A follow up to my fitting
Many Sun-Times readers know me for my coverage of the Bears. But, during the NFL offseason, I get to dive into one of my passions: golf. Not only as a viewer but a doer.
A few weeks ago, I detailed my journey in replacing a five-year-old set of Cleveland clubs. I tried out a bunch of different clubs, from a number of manufacturers, then I picked one: Taylor Made's RocketBallz, with steel shafts.
Click here for the original column.
Since then, I've received a lot of emails asking for more information and asking me how the clubs are working out for me.
Well, the 3 wood is doing better than 17 yards it's advertising. I am consistently getting more than 20 yards out of it. As for the irons, I am getting one more club, meaning my eight is now traveling the distance of my Cleveland seven.
As I said, a fitting is essential, and I got mine at Golf Galaxy, when they were having a special. But, you can go to any number of places, or wait for one of the manufacturer's "Fitting trucks" to come to a club -- or store -- near you.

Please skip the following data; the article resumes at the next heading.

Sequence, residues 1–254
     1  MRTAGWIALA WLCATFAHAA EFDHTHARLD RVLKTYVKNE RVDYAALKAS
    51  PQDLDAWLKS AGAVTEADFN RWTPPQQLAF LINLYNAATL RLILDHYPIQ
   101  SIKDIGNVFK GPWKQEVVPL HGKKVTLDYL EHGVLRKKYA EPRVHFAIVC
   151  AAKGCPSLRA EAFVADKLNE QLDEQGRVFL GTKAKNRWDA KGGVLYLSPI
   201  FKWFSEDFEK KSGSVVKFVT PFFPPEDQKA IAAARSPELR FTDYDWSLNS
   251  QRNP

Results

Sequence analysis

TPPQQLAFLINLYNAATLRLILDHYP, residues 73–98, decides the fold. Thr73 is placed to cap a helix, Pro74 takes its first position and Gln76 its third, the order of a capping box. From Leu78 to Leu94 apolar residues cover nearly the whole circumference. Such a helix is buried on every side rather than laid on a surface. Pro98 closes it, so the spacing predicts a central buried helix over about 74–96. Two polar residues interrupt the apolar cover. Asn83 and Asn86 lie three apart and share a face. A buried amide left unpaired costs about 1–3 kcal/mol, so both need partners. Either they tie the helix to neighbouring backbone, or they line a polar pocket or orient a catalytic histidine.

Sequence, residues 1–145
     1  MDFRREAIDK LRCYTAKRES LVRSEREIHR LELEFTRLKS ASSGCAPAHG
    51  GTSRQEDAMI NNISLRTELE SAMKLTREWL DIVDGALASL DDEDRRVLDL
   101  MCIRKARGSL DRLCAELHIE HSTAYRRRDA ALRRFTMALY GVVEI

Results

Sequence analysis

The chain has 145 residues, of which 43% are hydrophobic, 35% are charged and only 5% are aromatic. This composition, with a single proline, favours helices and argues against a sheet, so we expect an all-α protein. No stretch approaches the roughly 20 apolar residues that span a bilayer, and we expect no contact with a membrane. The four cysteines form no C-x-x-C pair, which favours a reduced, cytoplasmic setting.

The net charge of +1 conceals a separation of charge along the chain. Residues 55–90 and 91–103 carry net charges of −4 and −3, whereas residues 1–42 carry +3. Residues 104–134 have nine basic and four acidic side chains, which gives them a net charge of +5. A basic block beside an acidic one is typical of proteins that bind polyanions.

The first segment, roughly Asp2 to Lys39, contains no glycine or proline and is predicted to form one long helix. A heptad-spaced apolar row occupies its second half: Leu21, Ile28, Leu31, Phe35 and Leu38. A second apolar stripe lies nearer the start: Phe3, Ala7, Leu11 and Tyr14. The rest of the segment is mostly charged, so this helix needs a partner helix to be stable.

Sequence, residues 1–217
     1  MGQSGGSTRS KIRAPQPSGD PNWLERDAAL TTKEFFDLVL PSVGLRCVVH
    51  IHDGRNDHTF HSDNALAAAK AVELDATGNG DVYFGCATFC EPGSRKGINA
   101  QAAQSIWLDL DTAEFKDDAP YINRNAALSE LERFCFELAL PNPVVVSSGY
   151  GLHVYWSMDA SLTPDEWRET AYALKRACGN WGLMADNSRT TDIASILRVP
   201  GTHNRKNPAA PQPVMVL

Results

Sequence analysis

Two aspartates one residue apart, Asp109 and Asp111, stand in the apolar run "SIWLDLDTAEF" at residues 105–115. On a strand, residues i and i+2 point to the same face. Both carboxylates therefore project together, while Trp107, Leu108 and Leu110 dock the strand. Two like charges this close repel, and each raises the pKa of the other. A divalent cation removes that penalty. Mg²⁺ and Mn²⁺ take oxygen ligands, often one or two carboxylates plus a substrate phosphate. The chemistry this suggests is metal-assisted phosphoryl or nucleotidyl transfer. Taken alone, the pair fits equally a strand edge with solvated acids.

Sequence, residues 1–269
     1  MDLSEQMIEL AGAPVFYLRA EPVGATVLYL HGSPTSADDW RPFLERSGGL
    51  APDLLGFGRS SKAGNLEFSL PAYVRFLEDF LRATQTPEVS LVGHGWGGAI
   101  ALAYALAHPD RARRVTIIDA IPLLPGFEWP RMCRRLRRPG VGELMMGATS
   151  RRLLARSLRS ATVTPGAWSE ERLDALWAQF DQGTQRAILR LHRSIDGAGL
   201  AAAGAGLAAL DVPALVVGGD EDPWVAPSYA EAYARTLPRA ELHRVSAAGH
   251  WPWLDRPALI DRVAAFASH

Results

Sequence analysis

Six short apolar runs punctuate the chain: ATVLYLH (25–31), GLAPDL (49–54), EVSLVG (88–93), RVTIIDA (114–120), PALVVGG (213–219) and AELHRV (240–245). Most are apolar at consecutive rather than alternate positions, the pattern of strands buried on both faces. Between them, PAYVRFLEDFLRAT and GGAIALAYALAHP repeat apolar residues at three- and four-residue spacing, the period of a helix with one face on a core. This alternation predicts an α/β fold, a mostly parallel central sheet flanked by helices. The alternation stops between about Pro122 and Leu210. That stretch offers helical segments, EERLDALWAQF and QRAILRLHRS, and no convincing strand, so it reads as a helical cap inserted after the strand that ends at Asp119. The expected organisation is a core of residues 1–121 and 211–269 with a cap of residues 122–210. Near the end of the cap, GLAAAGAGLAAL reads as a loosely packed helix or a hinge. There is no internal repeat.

Tom Fisher, who runs Taylor Made's Performance Labs, noted that a golfer should consider new clubs if they're more than two years old. And keep in mind, that not all fitters are created equal.
Like any expert, some are better than others. While a launch monitor is essential, excellent fitters can spot things just by sight.
Fisher said he can tell a golfer which clubs they hit well and which ones they don't.
"There is always a club in their bag that they love," he said.
Marty Jertson of PING said he tell a lot by ball flight.
"All our Tour reps can call spin rates by watching it fly, without a launch monitor," said Jertson, the senior design engineer at PING.
Jertson, though, is troubled that he's played with other golf professionals who clearly weren't fitted properly.
"It's an advantage for me," said Jertson, who still plays competitively.
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